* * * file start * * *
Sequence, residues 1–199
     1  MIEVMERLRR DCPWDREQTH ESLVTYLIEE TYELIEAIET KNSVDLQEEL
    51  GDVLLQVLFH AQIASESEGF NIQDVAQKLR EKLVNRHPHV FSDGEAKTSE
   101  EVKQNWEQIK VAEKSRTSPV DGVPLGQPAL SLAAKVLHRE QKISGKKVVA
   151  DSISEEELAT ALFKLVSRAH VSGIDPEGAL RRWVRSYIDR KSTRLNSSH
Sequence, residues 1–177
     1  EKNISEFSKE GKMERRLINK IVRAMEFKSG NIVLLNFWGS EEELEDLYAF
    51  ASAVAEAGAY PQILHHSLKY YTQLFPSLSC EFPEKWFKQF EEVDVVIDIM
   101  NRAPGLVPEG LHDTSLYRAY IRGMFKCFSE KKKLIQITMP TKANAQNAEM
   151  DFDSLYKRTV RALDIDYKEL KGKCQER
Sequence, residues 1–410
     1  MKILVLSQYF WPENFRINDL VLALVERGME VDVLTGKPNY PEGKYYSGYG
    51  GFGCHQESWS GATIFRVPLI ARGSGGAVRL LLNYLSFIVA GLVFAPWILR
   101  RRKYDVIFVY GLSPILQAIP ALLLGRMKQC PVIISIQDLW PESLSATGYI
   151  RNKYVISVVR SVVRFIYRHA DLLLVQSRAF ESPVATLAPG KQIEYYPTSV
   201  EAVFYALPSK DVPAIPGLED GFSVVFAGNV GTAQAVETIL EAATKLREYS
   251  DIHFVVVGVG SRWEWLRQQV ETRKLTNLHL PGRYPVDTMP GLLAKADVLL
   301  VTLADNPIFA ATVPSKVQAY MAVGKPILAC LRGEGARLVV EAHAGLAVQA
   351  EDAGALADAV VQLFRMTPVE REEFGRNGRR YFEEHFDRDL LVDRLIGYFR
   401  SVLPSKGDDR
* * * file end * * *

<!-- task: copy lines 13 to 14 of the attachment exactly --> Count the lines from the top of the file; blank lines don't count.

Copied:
    51  GFGCHQESWS GATIFRVPLI ARGSGGAVRL LLNYLSFIVA GLVFAPWILR
   101  RRKYDVIFVY GLSPILQAIP ALLLGRMKQC PVIISIQDLW PESLSATGYI